“the production of millions of hopeless and unemployed around the world.”

        Since you never explained who they were, what will produce them, or how you propose to avoid that, it was a difficult statement to engage with.Report

      • Avatar zic in reply to CK MacLeod says:

        It’s bad enough to have been called a bigot a week or so ago – I won’t bother analyzing the charge – but in conjunction with being called a fascist, I am receiving a clear invitation to leave the site altogether, not least because trying to defend oneself against such accusations is only to reinforce them.

        That’s the clearest thing I’ve read from you.

        William Zinsser said, “Four basic premises of writing: clarity, brevity, simplicity, and humanity.” It is not, I think, that you’re receiving a ‘clear invitation to leave the site,’ but that you seem too prideful to value those hallmarks of clear communication — clarity, brevity, simplicity, and humanity.

        This is a failing of many potentially great thinkers; instead of having their genius appreciated, valued and admired, they often end viewed as pompous asses. It’s sad to witness someone who thinks deeply and might contribute valuable alternative points of view and constructive criticisms relegated to that dusty bin.Report

        • Avatar Jim Heffman in reply to zic says:

          If he writes a lot, he’s a pompous ass.

          If he writes only a little, he’s more interested in snark than discussion.

          If he writes just enough then it doesn’t matter how much he writes when he’s wrong.Report

          • Avatar zic in reply to Jim Heffman says:

            Is that how it came off?

            If so, I apologize.

            But writing to be understood seems an important part of writing. I don’t get much indication that C.K. intends to be understood; rather that he relishes speaking over other’s heads.

            It’s possible I’m wrong.

            But I did make a living writing; and if what I wrote was beyond my audience (I’m not the first to say something in the last few days,) I’d be grateful to have it pointed out. I realize most people don’t feel that way.Report

            • Avatar Jim Heffman in reply to zic says:

              “if what I wrote was beyond my audience I’d be grateful to have it pointed out.”

              You presume that you’re the audience. Maybe what the writer figures is that if you’re too scared of words to read a long post then you aren’t worth speaking to.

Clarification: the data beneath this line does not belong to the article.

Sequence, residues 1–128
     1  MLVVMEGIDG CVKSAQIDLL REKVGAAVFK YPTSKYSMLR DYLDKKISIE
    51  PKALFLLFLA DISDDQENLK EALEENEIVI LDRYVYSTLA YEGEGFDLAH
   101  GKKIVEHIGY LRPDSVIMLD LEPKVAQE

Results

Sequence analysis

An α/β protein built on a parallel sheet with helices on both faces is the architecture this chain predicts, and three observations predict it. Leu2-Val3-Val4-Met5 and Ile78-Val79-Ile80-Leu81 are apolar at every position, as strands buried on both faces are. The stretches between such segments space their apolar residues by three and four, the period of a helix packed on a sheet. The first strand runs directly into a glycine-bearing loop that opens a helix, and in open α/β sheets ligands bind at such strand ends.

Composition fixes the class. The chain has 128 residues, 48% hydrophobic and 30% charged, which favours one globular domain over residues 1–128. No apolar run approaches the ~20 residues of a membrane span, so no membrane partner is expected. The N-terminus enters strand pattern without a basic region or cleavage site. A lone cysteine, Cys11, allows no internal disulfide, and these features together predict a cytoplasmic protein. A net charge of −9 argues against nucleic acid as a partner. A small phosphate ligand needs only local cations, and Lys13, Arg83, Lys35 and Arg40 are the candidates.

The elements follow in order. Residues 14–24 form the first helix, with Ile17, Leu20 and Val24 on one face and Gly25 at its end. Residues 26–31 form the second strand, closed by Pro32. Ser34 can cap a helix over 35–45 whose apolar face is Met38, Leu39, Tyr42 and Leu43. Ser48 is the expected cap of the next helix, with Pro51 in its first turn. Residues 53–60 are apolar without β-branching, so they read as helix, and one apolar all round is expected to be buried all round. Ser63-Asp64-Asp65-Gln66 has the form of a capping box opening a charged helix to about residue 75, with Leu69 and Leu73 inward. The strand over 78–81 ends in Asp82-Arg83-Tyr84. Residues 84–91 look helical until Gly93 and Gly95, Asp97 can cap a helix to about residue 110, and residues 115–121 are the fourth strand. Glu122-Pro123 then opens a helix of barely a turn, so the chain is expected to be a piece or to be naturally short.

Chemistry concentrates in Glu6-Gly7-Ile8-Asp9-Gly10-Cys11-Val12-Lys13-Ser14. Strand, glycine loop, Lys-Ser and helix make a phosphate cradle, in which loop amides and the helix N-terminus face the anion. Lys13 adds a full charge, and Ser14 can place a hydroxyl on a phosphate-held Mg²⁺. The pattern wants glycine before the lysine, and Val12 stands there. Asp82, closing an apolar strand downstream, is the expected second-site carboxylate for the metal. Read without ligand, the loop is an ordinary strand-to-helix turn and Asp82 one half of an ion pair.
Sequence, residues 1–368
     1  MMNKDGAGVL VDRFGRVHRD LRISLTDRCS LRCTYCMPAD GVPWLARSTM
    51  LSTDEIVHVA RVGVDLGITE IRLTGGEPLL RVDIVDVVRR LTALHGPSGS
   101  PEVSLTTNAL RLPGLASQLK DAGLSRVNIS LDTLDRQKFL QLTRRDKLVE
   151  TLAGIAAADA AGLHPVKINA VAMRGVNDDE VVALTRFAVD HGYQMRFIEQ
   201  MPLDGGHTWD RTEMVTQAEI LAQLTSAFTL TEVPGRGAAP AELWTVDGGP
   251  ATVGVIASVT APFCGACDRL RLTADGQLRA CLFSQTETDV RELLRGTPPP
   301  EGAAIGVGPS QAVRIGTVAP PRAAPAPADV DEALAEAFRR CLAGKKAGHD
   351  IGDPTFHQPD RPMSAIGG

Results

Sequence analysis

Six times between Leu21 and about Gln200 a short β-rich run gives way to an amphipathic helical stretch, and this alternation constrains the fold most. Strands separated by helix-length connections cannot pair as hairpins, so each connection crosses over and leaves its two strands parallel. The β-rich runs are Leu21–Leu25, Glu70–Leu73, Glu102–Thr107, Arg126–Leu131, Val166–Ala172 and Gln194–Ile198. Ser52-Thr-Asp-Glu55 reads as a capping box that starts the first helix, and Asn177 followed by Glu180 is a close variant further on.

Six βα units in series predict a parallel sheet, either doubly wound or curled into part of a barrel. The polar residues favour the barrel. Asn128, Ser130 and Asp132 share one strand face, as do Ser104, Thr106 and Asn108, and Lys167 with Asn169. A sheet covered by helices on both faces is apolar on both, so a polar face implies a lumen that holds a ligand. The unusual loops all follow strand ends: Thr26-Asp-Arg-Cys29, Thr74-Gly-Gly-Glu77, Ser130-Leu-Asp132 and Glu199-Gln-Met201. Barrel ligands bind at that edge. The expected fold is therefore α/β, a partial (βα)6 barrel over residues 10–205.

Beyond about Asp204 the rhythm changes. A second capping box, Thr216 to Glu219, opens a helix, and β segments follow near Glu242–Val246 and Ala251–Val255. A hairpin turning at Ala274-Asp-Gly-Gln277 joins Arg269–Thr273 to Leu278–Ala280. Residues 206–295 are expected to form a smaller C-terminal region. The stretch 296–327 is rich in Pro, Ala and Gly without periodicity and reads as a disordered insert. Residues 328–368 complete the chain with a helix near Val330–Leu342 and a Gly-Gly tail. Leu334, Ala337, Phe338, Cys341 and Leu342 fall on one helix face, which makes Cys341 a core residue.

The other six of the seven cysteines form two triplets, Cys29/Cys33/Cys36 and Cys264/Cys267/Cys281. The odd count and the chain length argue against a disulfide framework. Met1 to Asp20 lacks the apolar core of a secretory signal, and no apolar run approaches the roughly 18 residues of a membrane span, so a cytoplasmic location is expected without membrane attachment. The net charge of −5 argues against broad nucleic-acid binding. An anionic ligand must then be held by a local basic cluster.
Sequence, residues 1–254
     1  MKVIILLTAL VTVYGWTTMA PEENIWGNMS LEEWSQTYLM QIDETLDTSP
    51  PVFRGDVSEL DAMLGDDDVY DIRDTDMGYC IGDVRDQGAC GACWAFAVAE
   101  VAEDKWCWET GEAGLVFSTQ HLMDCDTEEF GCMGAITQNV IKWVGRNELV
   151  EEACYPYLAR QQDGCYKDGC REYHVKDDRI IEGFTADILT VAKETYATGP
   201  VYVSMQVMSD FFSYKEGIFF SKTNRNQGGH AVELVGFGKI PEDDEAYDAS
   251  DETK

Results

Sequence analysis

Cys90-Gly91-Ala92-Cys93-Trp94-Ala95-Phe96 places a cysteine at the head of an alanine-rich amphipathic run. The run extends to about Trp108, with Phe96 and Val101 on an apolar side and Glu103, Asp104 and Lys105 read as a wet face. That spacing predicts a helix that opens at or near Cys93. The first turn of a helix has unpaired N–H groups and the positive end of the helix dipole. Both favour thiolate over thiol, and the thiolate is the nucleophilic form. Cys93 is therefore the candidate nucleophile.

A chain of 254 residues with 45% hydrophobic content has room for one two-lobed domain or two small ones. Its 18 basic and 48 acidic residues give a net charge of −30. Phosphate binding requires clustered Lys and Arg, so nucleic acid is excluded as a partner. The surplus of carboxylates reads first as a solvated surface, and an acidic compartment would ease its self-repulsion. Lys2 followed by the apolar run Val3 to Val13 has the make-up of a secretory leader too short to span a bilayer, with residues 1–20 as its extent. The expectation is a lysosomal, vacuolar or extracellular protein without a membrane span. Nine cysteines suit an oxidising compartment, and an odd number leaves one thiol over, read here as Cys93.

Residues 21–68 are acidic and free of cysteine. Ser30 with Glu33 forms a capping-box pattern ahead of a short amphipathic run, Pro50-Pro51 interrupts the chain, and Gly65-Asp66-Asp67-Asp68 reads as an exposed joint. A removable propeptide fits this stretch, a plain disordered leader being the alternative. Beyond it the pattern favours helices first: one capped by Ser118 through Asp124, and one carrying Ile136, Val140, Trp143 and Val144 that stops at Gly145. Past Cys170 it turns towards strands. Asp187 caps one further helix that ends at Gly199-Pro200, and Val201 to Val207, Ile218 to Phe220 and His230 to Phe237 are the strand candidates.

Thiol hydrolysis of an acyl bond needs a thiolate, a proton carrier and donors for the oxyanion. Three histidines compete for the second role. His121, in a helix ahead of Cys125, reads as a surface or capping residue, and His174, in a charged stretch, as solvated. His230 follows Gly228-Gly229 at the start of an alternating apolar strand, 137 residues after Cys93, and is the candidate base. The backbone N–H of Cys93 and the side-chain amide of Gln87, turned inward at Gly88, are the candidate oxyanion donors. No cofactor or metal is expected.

Modern Americans have this bizarre fear of the written form of communication. I had a thirty-minute conversation with my boss today, wherein he tried to get me to agree to never send email again, and I kept asking him why not, and he burbled and muttered about “getting lost in the shuffle” and “if it’s too long then it’s too long” and “can’t keep up with all the traffic”.

              Near the end I was practically begging him to please, *please* tell me that he had some reason for this other than that he never learned to read.Report

              • Avatar Mike Schilling in reply to Jim Heffman says:

                Message @short @concise @brief #modern!Report

              • Avatar zic in reply to Jim Heffman says:

                Maybe what the writer figures is that if you’re too scared of words to read a long post then you aren’t worth speaking to.

                TL/DR syndrome is only the tip of the iceberg.

                Did your boss have some other reason? (A big one, in some work situations, migt be the e-trail coming back to haunt you for speaking freely and honestly.)Report

              • Avatar J@m3z Aitch in reply to zic says:

                I’m with zic here. I’m not advocating CK leave, but his writing style smacks of pompous academia where the primary purpose is to impress with style and obfuscate just enough to make direct refutation of substance impossible. It’s the kind of thing that made the Sokal hoax possible. I was taught to use writing to communicate ideas clearly.

                The writer should do the work so the reader doesn’t have to, for two reasons. One, it’s the best way to avoid the frustration of people refusing to read you or too readily misunderstanding you. Second, as my mentor taught me, it’s the considerate thing to do.Report

              • Avatar Chris in reply to J@m3z Aitch says:

                I know I’m always the one who defends CK, but I honestly don’t think he’s writing to be pompous or purposefully obfuscatory. He writes enough comments, often enough, that it seems pretty clear that this is just the way he writes, and it would be unfair to ask him to try to write differently.